With an existing transplant portfolio, Sanofi is naturally fit to be the new owner of Kadmon, developer of graft-versus-host disease (GVHD) drug Rezurock. And the French pharma spent less than three months to successfully convince the biotech of that and to find the right price.
From June 26 to Sept. 7, in what was a whirlwind of transaction discussions, Sanofi turned an original collaboration outreach into an outright acquisition, just as Kadmon attracted interest from two other potential buyers and managed to sell itself at a better price, a Kadmon securities filing (PDF) shows.
Sanofi made the first move. Matthieu Merlin, Sanofi’s head of business development and licensing at its general medicines business unit contacted Kadmon on June 26 for an introductory call to explore collaboration opportunities.
Merlin’s communication came on the heels of a similar request for an introduction by another company, coded Party A, to Kadmon’s financial service provider Moelis. Kadmon CEO Harlan Waksal and chief financial officer Steven Meehan held a conference call with representatives from Party A on July 8, where the two sides covered topics including potential benefits of a collaboration or other strategic transaction.
On July 12, Merlin talked to Kadmon’s general counsel Gregory Moss and expressed Sanofi’s interest in Rezurock. Little did they know at the time that the ROCK inhibitor would go on and snag a quick FDA go-ahead for third-line treatment of chronic GVHD just four days afterward and six weeks ahead of schedule.
On July 20, Merlin contacted Moss again. This time, he brought news that Sanofi may be interested in a larger transaction covering the entire company, including its immuno-oncology platform.
Sanofi dispatched its higher-level execs to their next—and in-person—meeting on July 27. Besides Merlin and Moss, Sanofi’s chief financial officer Jean-Baptiste de Chatillon, head of general medicines Olivier Charmeil and global head of mergers and acquisitions Loic Gonnet joined Kadmon’s Waksal and its senior vice president of research and nonclinical development Jeegar Patel. In a post-meeting dinner, the Sanofi execs confirmed its interest in acquiring Kadmon.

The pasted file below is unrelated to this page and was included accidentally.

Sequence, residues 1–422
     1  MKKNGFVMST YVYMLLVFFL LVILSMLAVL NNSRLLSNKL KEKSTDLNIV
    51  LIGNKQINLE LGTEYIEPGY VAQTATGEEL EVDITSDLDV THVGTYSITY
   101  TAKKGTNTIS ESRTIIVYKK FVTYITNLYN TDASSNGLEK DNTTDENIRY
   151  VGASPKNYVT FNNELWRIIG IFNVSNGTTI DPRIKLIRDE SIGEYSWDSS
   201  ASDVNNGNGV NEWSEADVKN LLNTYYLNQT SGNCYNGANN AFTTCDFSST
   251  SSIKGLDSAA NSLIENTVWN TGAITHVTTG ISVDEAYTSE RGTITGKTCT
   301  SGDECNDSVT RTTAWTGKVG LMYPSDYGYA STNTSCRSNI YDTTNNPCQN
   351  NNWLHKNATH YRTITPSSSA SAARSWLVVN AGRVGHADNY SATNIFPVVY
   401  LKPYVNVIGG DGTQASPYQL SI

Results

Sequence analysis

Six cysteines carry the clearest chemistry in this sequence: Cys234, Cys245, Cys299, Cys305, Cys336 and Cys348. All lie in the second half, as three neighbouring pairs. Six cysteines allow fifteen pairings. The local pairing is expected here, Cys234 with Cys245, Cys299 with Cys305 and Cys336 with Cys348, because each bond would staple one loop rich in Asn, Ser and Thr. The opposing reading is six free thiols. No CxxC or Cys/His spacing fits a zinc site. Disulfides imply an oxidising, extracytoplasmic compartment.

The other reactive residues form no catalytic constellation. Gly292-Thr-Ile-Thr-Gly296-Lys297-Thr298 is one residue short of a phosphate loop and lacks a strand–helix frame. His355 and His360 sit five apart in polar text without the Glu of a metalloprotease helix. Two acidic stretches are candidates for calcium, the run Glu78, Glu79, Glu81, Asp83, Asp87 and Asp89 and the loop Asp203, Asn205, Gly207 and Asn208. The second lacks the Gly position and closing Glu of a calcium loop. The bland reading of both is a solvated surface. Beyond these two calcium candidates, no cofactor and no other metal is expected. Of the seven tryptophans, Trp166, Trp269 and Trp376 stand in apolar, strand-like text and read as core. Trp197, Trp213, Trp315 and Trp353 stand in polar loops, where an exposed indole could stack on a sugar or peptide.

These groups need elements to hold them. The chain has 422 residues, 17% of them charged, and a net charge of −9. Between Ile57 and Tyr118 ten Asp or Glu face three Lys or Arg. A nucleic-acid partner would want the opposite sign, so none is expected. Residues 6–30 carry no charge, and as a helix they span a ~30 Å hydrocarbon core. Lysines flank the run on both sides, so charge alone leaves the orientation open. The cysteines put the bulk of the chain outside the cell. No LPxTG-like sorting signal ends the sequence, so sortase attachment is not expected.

Meanwhile, Kadmon had entered a confidentiality agreement with standstill provisions with Party A, which during a meeting at its European headquarters on July 28, indicated that it was also interested in acquiring the New York biotech.
At this point, Kadmon remembered another potential bidder, Party B, which had previously also suggested that it was looking for deals once Rezurock cleared the FDA. Kadmon noted to Party B that it was now open to deal talks on July 29.
Following a Kadmon board meeting, Sanofi and Party A would learn on Aug. 4 that the biotech now had formal authorization to conduct full-on sale discussions. It was on that day that Sanofi made its first offer to buy Kadmon at $7 per share, or a 55% premium to its prior closing price.
Kadmon immediately rejected that term. Five days later, Sanofi sent over its second bid of $9 per Kadmon share alongside a request for exclusive negotiations. And Kadmon turned away that offer again but granted Sanofi further access to the company’s confidential information to conduct its due diligence.
In the meantime, discussions with Party A and Party B hit dead ends. On Aug. 18, Party A told Kadmon that it was no longer in the game thanks to Rezurock’s anticipated regulatory timeline in Europe. As for Party B, Kadmon’s board noted during a meeting on Aug. 23 that that third firm was significantly behind in conducting due diligence and that it wasn’t in a position to make an offer. In addition, none of the six other companies that Kadmon’s financial advisers reached out to expressed meaningful interest in a merger, according to the securities filing.
In between those time points, on Aug. 21, Sanofi came back with its third and “final proffer,” proposing to take over Kadmon at $9.5 apiece, which marked an 88% premium to the company’s previous closing price. Based on the progress with Party A and Party B, Kadmon entered the exclusivity agreement with Sanofi.
After several back-and-forth discussions around termination fees, Rezurock’s upstream licenses plus other deal terms, Kadmon and Sanofi finally shook hands on Sept. 7 before making the deal public the next day. The final deal had Sanofi paying $1.9 billion for Kadmon and newly approved Rezurock, which complements the French pharma's existing transplant meds, Mozobil and Thymoglobulin. Jefferies has projected Rezurock could reach global peak sales of $1 billion.